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As for the Atlantic slave trade, this began in 1444 A.D., when Portuguese traders brought the first large number of slaves from Africa to Europe. Eighty-two years later (1526), Spanish explorers brought the first African slaves to settlements in what would become the United States—a fact the Times gets wrong.
The transatlantic slave trade began during the 15th century when Portugal, and subsequently other European kingdoms, were finally able to expand overseas and reach Africa. The Portuguese first began to kidnap people from the west coast of Africa and to take those they enslaved back to Europe.
In August 1518, King Charles I authorized Spain to ship enslaved people directly from Africa to the Americas. The edict marked a new phase in the transatlantic slave trade in which the numbers of enslaved people brought directly to the Americas—without going through a European port first—rose dramatically.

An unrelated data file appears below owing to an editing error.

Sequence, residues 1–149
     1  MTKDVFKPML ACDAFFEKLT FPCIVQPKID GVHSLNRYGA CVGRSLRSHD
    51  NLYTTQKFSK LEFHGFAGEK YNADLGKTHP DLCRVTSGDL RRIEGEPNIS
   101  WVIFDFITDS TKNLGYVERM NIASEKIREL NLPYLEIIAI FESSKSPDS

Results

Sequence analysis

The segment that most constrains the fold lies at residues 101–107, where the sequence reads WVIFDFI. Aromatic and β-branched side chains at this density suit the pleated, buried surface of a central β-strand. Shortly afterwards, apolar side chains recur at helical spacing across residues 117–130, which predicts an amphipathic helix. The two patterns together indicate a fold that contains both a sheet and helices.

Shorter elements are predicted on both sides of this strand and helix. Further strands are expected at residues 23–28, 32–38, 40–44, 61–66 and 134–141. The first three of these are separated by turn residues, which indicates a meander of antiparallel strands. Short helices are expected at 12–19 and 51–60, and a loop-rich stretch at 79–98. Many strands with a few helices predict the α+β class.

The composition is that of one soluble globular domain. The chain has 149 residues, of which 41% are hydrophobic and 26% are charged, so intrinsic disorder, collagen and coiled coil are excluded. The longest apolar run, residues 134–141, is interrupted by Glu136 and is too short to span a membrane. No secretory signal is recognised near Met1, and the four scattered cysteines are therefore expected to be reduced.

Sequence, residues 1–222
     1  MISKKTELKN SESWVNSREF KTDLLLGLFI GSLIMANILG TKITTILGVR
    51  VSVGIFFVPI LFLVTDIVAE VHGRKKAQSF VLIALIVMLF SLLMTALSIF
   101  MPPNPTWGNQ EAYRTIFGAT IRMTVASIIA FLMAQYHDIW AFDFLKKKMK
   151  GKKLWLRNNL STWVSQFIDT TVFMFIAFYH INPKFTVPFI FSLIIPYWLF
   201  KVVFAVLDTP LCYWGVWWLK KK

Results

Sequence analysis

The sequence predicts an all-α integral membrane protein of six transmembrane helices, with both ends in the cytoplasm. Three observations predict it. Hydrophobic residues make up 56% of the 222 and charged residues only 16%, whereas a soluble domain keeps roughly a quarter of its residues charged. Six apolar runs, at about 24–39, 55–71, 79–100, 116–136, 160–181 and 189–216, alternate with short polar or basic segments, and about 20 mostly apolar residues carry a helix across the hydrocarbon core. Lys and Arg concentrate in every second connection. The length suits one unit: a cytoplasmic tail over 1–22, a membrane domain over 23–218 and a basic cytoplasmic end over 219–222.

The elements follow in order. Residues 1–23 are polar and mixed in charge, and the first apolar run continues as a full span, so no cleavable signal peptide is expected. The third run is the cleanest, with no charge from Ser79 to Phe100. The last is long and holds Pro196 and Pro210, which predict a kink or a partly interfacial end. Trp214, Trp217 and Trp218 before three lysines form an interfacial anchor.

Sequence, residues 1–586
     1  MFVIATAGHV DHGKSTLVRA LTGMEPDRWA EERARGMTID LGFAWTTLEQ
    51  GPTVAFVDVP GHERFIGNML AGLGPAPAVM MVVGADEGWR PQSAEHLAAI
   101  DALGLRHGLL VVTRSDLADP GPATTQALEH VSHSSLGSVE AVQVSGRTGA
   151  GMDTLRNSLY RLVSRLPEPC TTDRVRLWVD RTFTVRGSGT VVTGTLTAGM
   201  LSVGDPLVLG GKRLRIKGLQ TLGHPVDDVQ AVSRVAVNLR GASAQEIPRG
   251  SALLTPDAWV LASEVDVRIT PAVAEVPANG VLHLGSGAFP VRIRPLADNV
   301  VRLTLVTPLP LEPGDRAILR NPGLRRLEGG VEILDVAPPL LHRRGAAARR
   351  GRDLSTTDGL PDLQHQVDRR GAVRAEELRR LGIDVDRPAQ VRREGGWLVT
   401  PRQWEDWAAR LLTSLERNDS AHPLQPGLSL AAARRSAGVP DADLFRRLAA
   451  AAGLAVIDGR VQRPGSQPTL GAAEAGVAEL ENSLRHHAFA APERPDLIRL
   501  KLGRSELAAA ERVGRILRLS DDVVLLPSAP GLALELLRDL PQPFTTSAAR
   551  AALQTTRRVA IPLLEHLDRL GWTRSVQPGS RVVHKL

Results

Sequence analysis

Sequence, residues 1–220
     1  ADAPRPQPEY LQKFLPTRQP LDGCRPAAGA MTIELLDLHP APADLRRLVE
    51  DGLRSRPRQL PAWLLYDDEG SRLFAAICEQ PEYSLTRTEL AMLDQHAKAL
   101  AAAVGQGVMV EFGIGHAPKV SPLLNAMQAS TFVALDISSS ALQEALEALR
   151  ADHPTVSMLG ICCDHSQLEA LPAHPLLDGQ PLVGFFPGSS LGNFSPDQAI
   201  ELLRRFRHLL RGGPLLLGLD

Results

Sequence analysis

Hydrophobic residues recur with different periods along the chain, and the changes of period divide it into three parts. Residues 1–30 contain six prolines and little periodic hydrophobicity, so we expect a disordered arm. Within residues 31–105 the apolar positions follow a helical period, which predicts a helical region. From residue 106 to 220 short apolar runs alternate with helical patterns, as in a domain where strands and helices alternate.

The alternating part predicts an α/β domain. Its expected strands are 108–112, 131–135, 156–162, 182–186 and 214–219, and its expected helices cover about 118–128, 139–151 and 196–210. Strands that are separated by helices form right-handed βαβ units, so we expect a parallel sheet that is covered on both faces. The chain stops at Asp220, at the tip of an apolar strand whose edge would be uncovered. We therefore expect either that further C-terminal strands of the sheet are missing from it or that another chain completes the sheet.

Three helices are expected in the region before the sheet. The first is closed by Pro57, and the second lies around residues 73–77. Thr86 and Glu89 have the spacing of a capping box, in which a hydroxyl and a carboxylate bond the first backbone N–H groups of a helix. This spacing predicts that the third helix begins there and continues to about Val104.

That day—January 1, 1863—President Lincoln formally issued the Emancipation Proclamation, calling on the Union army to liberate all enslaved people in states still in rebellion as “an act of justice, warranted by the Constitution, upon military necessity.” These three million enslaved people were declared to be “then, …
However, many consider a significant starting point to slavery in America to be 1619, when the privateer The White Lion brought 20 enslaved African ashore in the British colony of Jamestown, Virginia. The crew had seized the Africans from the Portugese slave ship Sao Jao Bautista.
Sometime in 1619, a Portuguese slave ship, the São João Bautista, traveled across the Atlantic Ocean with a hull filled with human cargo: captive Africans from Angola, in southwestern Africa.